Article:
But mine just wasn’t. I _could_ imagine life without him. Easily. Imagine a few days ago! Imagine my whole life up to then! Was it me? I’ve always been a thinky, analytical, private, internal person. I’ve always been a little emotionally distanced and guarded. At times I’ve even thought I’m so guarded that I’m incapable of real attachment, that even when I want to be attached, even when I’m mimicking an attached person, there’s a cold core of me that isn’t touched, that can rationally assess the idea of returning to solitude. I worried that I am, on an existential level, alone, and condemned to always be so.
After I met Jen these fears and doubts about myself receded a little, but they’ve never totally gone away, and my reaction to the birth of my son seemed to confirm the worst of them. What kind of monster doesn’t feel love for his new son on the deepest level? What kind of monster has to play act filial love?
Anyway, that’s how I felt for quite a while. I would always have thrown myself in front of a truck for Grip, but it wouldn’t have been a thoughtless, automatic, instinctual throwing, it would have been an “I know this is my duty” kind of throwing. Throwing either way, but not the kind of throwing I felt I _ought_ to be capable of.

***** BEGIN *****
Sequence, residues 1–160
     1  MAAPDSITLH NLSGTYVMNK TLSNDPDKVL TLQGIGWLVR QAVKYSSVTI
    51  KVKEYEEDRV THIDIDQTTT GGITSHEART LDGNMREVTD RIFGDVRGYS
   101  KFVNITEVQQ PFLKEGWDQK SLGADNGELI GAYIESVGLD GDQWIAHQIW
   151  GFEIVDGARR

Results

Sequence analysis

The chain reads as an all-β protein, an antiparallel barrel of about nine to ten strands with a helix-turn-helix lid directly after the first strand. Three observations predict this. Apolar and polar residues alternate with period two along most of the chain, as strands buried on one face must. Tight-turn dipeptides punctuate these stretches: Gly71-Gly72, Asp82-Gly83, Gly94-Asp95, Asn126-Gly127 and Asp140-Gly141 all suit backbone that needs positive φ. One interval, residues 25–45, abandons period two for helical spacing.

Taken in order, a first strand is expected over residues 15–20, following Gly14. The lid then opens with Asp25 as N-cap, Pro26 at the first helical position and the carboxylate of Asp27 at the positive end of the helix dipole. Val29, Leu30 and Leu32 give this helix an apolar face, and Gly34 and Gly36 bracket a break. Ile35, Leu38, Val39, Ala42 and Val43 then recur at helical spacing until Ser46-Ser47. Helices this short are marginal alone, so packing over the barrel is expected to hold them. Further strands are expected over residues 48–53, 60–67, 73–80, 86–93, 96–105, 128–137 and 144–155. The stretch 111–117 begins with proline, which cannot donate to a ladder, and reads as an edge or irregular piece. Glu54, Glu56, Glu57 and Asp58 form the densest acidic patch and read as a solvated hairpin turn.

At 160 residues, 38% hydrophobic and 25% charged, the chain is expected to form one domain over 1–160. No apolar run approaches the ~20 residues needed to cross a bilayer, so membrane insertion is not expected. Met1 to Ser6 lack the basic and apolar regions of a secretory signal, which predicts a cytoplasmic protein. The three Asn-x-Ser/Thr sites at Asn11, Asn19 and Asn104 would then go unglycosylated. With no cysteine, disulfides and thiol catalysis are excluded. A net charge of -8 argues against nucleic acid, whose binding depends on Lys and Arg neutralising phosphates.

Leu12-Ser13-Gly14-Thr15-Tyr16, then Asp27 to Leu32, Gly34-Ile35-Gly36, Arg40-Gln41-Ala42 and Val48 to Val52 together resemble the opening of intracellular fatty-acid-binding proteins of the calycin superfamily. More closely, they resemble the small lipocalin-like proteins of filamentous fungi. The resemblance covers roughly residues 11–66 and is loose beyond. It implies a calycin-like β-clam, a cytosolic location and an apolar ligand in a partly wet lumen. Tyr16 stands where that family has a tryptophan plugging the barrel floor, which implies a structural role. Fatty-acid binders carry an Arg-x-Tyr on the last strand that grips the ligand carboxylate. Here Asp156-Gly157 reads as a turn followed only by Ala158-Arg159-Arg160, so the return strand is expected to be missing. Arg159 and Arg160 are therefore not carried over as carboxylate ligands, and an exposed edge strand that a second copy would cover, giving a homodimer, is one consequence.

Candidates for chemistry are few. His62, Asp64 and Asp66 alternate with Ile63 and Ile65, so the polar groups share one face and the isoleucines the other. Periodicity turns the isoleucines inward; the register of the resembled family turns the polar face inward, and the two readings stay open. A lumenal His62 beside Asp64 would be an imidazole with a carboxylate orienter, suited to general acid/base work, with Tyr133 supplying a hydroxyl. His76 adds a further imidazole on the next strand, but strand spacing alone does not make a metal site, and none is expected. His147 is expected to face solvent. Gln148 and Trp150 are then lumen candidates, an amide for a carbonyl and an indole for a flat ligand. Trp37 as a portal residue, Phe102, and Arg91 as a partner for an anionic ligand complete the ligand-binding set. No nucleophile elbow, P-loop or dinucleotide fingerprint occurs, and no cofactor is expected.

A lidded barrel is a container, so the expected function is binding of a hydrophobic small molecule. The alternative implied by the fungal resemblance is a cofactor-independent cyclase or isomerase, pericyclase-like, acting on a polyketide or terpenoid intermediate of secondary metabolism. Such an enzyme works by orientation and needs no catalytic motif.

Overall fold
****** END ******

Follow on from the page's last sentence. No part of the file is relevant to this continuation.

Slowly, incrementally (accelerating lately), Grip has started to become a person. He’s getting a personality. He’s getting quirks, and habits, and a temperament. And my god, it is _awesome_. I don’t mean the fact that it’s happening, I mean _him_, as an individual. He is _so cool_! He’s so serene all the time, and quiet, and slow to anger. He sleeps through the night and finds it hard to wake up and smiles, smiles, smiles, but not indiscriminately. He loves to dance and he loves to hear me sing and he loves it when I bzzzzt his nose. Sometimes when I look at him a slow, shy grin spreads across his face and he looks away, like aw shucks, like gee all this for me? Sometimes when he smiles I giggle and that makes him giggle and that makes me giggle.